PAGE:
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Australia is facing a sheep crisis, as farmers have more woolly animals than they can handle and are forced to either kill them or give them away for free, CNBC reported.
The country's mutton market has collapsed, as prices have plunged 70% in a year to just $1.23 per kg, according to data from Meat and Livestock Australia (MLA).
The reason behind the sheep surplus is the unusually wet weather that Australia has experienced in the past three years, which has boosted grass growth and sheep reproduction in regions like New South Wales and Victoria.
MLA's global supply analyst, Tim Jackson, said that the sheep flock had reached 78.75 million head, the largest since 2007, due to the favorable seasons.
As the rain kept pouring and the mutton prices remained high, farmers were tempted to keep more sheep on their farms instead of sending them to slaughterhouses and markets, according to the chairman of Sheep Producers Australia, Andrew Spencer.
However, the situation changed drastically in 2023, as the weather turned dry and hot, reducing the feed supply and the farmers' confidence. Jackson said that the dry conditions had increased the supply of sheep and lambs to processors, who were already struggling with labor shortages and a backlog of unprocessed stock.
Steve McGuire, vice president of the agricultural advocacy group WAFarmers, said that many farmers were facing a loss of profitability and had no market for their sheep. He noted that some farmers had resorted to destroying their animals, while others had tried to give them away for free, but there were few takers.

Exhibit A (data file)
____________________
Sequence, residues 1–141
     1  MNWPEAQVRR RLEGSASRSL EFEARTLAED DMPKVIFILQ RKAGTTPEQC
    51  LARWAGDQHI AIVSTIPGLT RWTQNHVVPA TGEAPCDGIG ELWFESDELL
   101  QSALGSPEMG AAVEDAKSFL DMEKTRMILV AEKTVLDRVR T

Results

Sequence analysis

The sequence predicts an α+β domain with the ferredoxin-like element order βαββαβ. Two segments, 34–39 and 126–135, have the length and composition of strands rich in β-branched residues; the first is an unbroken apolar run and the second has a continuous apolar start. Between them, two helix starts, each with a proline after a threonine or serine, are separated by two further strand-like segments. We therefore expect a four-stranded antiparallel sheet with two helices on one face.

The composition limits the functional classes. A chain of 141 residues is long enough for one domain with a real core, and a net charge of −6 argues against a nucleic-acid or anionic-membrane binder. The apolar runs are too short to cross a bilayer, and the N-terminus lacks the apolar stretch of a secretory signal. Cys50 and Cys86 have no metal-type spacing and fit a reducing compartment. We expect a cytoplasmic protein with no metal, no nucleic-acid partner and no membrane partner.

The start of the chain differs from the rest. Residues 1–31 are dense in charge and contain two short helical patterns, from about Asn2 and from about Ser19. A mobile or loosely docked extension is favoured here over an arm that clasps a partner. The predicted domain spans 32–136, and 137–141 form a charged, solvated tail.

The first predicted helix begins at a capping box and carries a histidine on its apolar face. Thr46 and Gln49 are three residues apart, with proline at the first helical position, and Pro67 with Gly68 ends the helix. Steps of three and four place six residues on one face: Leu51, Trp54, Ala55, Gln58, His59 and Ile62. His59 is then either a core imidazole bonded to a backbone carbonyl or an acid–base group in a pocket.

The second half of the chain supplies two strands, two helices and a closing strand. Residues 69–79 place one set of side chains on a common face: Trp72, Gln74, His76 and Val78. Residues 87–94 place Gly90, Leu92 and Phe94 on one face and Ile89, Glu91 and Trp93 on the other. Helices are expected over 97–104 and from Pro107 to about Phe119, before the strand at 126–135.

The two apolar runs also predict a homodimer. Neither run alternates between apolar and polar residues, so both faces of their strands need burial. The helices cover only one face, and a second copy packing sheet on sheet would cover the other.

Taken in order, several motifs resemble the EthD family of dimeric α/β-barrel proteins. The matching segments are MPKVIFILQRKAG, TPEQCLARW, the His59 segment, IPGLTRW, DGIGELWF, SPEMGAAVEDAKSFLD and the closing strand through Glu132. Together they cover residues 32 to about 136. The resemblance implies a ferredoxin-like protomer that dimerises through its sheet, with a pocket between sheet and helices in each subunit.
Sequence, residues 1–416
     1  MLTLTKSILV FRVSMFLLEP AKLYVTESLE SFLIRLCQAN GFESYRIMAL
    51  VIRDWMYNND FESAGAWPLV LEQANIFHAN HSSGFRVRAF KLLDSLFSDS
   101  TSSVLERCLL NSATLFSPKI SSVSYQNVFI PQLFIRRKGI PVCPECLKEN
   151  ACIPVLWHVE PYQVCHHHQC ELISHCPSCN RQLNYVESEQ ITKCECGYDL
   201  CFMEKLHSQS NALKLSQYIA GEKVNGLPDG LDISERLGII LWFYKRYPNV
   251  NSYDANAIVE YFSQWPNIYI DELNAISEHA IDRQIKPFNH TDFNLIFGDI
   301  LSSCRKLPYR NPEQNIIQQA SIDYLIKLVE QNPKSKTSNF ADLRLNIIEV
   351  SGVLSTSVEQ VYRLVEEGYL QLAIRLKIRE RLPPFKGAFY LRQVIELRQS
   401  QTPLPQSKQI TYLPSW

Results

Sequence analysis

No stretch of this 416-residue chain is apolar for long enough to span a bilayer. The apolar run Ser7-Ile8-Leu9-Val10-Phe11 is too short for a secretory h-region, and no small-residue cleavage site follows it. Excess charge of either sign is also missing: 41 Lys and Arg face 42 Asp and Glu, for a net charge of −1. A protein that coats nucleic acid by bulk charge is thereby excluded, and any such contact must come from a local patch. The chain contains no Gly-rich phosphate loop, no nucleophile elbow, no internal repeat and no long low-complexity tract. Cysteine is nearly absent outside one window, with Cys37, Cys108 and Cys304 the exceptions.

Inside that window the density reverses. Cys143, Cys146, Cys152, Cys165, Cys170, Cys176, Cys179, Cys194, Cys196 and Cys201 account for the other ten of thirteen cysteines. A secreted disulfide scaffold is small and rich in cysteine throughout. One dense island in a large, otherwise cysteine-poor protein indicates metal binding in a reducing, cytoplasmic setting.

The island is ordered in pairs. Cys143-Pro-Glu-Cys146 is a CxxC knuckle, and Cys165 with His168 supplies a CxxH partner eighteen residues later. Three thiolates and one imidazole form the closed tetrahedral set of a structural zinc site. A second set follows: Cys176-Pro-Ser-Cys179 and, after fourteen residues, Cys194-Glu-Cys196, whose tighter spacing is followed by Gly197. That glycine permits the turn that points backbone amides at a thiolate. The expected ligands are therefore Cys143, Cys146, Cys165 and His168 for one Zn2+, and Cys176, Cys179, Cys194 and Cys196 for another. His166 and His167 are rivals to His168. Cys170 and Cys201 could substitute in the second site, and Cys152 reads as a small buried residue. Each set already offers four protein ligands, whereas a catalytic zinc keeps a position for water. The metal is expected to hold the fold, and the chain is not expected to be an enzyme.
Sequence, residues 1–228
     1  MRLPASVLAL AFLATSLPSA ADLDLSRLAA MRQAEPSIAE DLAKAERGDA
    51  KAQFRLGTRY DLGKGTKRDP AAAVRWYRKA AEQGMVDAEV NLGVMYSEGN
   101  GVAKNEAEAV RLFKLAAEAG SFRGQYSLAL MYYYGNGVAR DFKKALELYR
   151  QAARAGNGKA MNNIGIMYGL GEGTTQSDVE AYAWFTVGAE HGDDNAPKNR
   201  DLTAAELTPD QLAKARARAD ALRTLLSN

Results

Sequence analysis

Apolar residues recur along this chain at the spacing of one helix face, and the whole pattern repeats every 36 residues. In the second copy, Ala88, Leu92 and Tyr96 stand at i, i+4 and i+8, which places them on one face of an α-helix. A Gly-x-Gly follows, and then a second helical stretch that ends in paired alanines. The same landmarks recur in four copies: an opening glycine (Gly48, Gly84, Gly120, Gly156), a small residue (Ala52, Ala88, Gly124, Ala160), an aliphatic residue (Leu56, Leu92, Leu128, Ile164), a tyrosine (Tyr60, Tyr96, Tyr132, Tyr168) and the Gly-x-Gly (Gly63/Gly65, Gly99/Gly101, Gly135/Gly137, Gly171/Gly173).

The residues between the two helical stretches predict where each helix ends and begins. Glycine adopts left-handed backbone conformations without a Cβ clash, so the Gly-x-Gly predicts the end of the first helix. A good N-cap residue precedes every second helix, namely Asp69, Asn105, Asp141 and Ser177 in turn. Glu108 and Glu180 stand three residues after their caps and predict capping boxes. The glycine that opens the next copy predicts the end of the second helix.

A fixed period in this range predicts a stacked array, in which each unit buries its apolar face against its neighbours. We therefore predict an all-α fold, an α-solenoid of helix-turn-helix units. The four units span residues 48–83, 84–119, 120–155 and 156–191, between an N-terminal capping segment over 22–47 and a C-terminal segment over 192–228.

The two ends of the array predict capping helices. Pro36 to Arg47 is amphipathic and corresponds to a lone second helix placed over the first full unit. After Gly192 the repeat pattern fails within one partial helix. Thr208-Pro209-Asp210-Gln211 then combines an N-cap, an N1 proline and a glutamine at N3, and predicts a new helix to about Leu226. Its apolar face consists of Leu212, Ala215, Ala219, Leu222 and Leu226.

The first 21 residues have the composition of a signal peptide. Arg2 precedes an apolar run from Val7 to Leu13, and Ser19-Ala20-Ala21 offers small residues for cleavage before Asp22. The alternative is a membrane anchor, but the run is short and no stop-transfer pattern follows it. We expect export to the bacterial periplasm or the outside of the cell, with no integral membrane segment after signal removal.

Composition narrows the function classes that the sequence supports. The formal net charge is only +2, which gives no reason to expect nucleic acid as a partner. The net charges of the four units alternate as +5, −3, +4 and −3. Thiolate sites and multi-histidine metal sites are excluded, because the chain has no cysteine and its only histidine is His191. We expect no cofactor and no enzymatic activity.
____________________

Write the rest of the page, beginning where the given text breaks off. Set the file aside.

He also said that Australia had exported a record amount of sheep meat in October, indicating that the meat was starting to move, but there was still a big backlog to clear. He expected that the mutton prices would continue to fall for consumers in Australia and overseas.
However, he added that some farmers were considering not mating their ewes to reduce costs, which could lead to a fall in young sheep numbers and a possible shift from oversupply to undersupply in the sheep market.
The sheep crisis has also affected the morale of the farmers, as a recent National Farmers Federation survey showed that more than 60% of Australian farmers surveyed did not feel more positive about the future of farming compared to a year ago.
Sheep farming is a significant industry in Australia, providing employment, income, and export revenue for many rural communities. According to MLA, the industry was worth around $2.2 billion in 2019. Sheep farmers produce high-quality wool and meat, which are in demand in many global markets. Australia is the world's largest sheep exporter and exports 57% of its lamb and 92% of its mutton production, respectively.
Sheep farming contributes to the country's environmental sustainability, as sheep graze on natural pastures and help reduce soil erosion and greenhouse gas emissions. However, the industry also faces some challenges, such as sudden dry weather, labor shortages, low prices, and competition from other countries.
Some farmers have diversified their production by adding crops, cattle, or goats to their farms. In contrast, others have invested in technology, such as drones, sensors, or genetic testing, to improve their efficiency and productivity. Some farmers have also formed cooperatives or alliances to share resources and access new markets. These strategies have helped some farmers cope with the sheep glut and prepare for the future.